As a parent, you can’t ask for better than that!

Until next time….

:) :) :)

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Wordless Wednesday: January 8, 2013

It’s 8° in Boston, but who cares?
-John K. Mulhern

Jack at Jaycee Beach, 1/6/14

Jack at Jaycee Beach, pic 2, 1/6/14

;) 6 hours later…
Maybe I should’ve worn block!?

Jack, after a day at Jaycee, 1/6/14

We’re having so much fun playing Bananagrams and Scrabble, and just all around hanging out. :)

Until next time…..

Karen, Jack, Rita, (left to right) 1/7/14

The tall gene didn’t come from us!

Weekly Photo Challenge: Unexpected

This week’s photo challenge asks that we share an image of something unexpected. Well, mine is a bit of a “twofer!”

Saturday I went to Jaycee Beach and was totally surprised by a colony of Aloe aborescens that 2 weeks ago gave NO hint of an imminent bloom.  Take a look at them now:

Aloe arborescens, Jaycee Beach, 11/23/2013

Very unexpected!

A. aborescens, native to southern Africa, is one of the most widely cultivated aloes in the world.  As a prized fall-to-winter bloomer, it is found growing from mountains on high to sea level below:

Aloe arborescens, pic 2, Jaycee Beach, 11/23/2013

Each inflorescence is usually unbranched, but sometimes two (or more) arise from a single rosette.

A. arborescens has a conical, compact orange raceme, 11/23/2013

As I investigated the colony further, I ran across a completely unexpected mutant raceme!

Unexpected spilt raceme of Aloe arborescens, Vero Beach, 11/23/13At first I thought my eyes deceived me and maybe I’d missed a branched peduncle (stalk)…but no!  The next photo clearly shows a single stalk:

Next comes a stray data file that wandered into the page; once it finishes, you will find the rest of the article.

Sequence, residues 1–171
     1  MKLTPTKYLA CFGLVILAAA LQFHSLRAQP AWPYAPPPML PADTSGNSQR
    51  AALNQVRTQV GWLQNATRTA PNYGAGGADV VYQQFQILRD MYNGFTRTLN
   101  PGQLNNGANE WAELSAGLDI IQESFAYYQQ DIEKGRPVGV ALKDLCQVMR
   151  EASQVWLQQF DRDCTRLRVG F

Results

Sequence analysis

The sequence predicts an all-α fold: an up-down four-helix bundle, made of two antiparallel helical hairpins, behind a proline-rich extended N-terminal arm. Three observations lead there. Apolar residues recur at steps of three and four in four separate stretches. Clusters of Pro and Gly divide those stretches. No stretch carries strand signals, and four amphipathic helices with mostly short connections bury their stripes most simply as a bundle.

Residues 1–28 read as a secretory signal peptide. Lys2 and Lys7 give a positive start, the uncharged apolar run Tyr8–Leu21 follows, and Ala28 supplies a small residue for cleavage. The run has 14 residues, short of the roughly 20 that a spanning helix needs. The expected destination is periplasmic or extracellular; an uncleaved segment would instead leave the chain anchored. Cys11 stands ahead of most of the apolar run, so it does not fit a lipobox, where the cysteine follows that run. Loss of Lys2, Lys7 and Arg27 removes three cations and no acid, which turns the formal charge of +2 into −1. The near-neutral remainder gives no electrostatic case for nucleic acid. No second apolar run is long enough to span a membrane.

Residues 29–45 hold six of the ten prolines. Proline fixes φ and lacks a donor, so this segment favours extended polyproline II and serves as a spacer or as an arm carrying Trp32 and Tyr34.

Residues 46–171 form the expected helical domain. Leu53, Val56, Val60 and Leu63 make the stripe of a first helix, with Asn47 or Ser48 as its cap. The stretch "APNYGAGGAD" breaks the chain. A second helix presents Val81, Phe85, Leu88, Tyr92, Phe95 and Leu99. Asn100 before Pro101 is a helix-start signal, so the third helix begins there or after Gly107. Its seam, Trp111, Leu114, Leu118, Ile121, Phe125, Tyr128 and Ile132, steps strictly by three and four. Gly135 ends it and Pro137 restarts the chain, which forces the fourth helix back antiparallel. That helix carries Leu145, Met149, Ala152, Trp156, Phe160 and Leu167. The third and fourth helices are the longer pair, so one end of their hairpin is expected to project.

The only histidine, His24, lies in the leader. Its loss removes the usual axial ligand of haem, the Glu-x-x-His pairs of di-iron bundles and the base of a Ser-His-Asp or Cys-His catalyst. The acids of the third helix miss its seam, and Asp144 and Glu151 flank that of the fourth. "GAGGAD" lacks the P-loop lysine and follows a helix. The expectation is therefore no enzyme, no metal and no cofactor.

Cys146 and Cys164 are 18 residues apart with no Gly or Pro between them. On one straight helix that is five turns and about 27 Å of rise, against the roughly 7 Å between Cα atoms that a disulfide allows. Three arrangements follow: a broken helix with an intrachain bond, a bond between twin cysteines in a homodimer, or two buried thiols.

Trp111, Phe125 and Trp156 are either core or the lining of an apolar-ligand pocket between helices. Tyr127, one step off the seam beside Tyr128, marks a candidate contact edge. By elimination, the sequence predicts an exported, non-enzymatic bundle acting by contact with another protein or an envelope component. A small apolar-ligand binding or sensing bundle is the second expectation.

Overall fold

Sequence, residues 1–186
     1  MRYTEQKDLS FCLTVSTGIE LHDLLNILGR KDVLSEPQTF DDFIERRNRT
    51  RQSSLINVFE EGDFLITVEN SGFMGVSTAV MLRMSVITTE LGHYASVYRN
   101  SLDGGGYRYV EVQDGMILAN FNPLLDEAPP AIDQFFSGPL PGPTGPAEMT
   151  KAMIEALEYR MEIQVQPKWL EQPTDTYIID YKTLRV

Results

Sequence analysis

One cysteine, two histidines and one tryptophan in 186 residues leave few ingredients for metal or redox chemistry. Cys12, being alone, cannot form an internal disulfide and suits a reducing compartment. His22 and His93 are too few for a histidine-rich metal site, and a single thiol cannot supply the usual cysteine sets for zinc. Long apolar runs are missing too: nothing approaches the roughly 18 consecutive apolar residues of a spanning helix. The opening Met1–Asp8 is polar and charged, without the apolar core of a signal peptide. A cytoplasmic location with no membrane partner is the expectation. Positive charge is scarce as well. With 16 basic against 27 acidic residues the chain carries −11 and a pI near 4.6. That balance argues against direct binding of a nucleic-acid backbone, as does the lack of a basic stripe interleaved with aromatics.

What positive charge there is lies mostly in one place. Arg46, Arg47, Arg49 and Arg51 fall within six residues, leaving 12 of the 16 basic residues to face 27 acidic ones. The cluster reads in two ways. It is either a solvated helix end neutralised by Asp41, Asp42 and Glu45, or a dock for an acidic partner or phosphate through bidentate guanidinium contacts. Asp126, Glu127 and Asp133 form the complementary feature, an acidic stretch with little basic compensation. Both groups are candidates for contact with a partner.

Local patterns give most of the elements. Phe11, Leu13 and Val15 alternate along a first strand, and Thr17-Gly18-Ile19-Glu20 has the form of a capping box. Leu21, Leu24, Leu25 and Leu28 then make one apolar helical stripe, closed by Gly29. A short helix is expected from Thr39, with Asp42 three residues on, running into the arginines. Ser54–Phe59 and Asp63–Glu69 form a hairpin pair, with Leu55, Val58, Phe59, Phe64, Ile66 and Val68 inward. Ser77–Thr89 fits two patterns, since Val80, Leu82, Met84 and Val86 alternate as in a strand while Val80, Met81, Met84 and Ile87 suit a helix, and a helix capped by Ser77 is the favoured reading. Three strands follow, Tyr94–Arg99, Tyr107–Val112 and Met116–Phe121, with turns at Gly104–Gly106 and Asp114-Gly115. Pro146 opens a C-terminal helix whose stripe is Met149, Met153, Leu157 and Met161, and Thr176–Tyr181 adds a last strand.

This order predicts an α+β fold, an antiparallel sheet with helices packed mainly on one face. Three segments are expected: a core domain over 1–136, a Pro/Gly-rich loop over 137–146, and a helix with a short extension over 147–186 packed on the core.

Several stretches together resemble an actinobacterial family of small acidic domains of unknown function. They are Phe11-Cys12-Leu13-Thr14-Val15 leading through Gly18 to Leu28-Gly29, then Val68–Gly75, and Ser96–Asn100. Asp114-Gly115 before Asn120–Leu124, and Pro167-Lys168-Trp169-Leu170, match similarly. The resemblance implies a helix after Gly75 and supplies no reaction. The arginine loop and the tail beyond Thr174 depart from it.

Unexpected spilt raceme of Aloe arborescens, pic 2, Vero Beach, 11/23/13

I have no idea if a split raceme is rare….but it was certainly unexpected! :shock:

Until next time…

:) :shock: :)

Seen on the nature trail….

Vero Beach is home to the Greenway, a 3mi. nature trail that loops through oak forests and wetlands alongside the Indian River Lagoon.  While walking there Sunday, I photo-graphed an oak log totally covered in mushroom-like growths. Trametes versicolor on oak log, Lagoon Greenway, 11/17/13When I got home, I ran straight to Google :arrow: turns out I’d seen Trametes versicolor, a polypore (bracket fungus) seen mostly on sick or decaying hardwood trees.  In the next photo, you’ll see why this fungi’s fruiting body is commonly called “Turkey Tail:” Ball moss atop  T. versicolor fungi, Lagoon Greenway, 11/17/2013 T. versicolor’s banding pattern resembles the tail of a strutting turkey!  Most are dark to light brown, alternating with light colored bands of white to tan, with still more bands of blue, gray, orange or maroon. They can be strikingly beautiful, and are among the fungi most easily observed in the wild. Unlike their mushroom “cousins” that disappear quickly, Turkey Tails are leathery and long-lived, with some shelves lasting an entire year.